Europe’s digital health requires many things, but without infrastructure investment, rapid digital growth won’t happen, write Alan Marcus and David Dean.
Alan Marcus is a Senior Director, Head of Information Technology and Telecommunications Industries, World Economic Forum. Dr. David Dean is a Senior Partner and Managing Director at The Boston Consulting Group.
Two sets of items top the agenda of this week’s European Council meeting: (1) digital economy, innovation, and services and (2) growth, competitiveness, and jobs. While each set is a separate item for discussion in Brussels, outside the meeting hall the two are increasingly intertwined. At a time when growth is generally sluggish, the European digital economy is approaching €600 billion, or almost 5 percent of GDP, and growing at 10 percent a year—significantly faster than the economy as a whole.
Europe is hardly homogenous, of course. The U.K.’s Internet economy (€175 billion) represents close to 10 percent of GDP, led by a strong e-commerce sector. Denmark and Estonia have nurtured vibrant digital sectors, including e-government capabilities that are among the world’s most sophisticated. In Sweden, the first country in Europe to develop a comprehensive broadband policy, consumers have driven digital-economy growth to almost 8 percent of GDP, and the country has built a significant competitive advantage in digital services and platforms. But most of Europe’s economies lag in digital development.
Europe’s digital health requires many things, but without infrastructure investment, rapid digital growth won’t happen. By 2014, investments in mobile infrastructure equipment will have fallen 67 percent since 2004 to about €3.5 billion as current levels of investment in long-term evolution (LTE) technologies have not matched the heavy spending on 3G networks. In fact, European LTE spending, on a per-subscriber basis, is half that of the United States and of Japan. No surprise, then, that LTE accounted for less than 1 percent of mobile connections in Europe at year-end 2012, compared with 11 percent in the U.S. and 28 percent for South Korea, which is the global leader in this area. The situation is not much better for fiber access.
Many countries have been able to reap the benefits of becoming unified digital markets. Thanks to single bodies overseeing spectrum management, consolidated telecommunications industries, and a willingness to invest in infrastructure, the United States and China, for example, enjoy healthy and growing telecom and digital-services sectors as well as thriving entrepreneurship, resulting in widespread job creation. The extent to which Europe can follow suit and form its own single digital market is central to the future of European competitiveness and wealth creation.
The depth of the challenge is compounded by its complexity. Infrastructure spending has multiple constraints in Europe, including the ability of telecom operators to generate sufficient returns and monetize mobile data usage. An inefficient and fragmented system of spectrum allocation undermines the delivery of high-quality mobile communications, not to mention the growth of mobile connectivity generally. The development of a vibrant digital-services sector through energetic entrepreneurial start-up activity lags because of issues related to talent, funding, and demand. This constitutes a barrier to creating jobs and adopting digital services. A disjointed approach to telecom regulation further heightens uncertainty and discourages investment.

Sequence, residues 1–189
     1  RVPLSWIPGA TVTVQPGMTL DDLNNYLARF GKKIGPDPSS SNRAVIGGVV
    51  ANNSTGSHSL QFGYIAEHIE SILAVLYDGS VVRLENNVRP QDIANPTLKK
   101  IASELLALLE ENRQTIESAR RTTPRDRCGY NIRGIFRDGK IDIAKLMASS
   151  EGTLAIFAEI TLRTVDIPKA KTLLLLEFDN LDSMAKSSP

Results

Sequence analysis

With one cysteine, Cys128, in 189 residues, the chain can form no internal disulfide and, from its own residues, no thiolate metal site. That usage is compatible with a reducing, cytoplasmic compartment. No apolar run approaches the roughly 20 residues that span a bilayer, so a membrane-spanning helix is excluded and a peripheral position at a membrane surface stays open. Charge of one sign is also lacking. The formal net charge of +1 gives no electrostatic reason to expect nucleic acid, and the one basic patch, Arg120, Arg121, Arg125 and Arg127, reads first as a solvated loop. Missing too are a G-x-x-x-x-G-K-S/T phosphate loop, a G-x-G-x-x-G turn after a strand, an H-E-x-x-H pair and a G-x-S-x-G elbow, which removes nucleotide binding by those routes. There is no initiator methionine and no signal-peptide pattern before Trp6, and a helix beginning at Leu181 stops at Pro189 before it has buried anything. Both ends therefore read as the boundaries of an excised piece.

Current debate over Europe’s digital future is often focused on describing the problem rather than on addressing the root causes and developing comprehensive solutions. That future depends on policies that spur investment and encourage growth. Fixing the current hodgepodge of outdated regulation is a start, but it is akin to putting a fresh coat of paint on worn-out timbers when what is really needed is to design a new house.
The European Council and others with a stake in Europe’s digital economy should look to models of what the future could look like and then ask how to get there. Most experts agree, for example, that spectrum allocation, utilization, and sharing are much more productively addressed on a pan-European basis while recognizing that substantial national concerns—including those related to difficult issues such as defense and revenue from spectrum auctions—must be taken into account.
Separate regulation of the telecom, media, and technology sectors makes less and less sense in an age of ever-greater convergence. What are the possibilities for developing unified regulatory models that could span sector boundaries or national borders—or both? Would a single European regulator potentially be more effective than 28 separate authorities, many of which are under-resourced and overstretched?
Industry players need to rethink their business structures as well. Anachronistic pricing models that constrain data use should be abandoned in favor of encouraging consumers to pay more to assuage their hunger for digital communication.
The stakes are high. Other major economies have already achieved conditions conducive to infrastructure investment and rapid growth in digital services, both for consumers and for businesses. The companies that are driving the development of a worldwide digital economy—from Alibaba.com to Facebook, from Google to Tencent—are one result. Unless it transforms its approach, Europe gives its companies little chance to compete with such leaders, and the vision of the Digital Agenda for Europe, meant to boost the economy and “enable Europe’s citizens and businesses to get the most out of digital technologies,” will be at risk.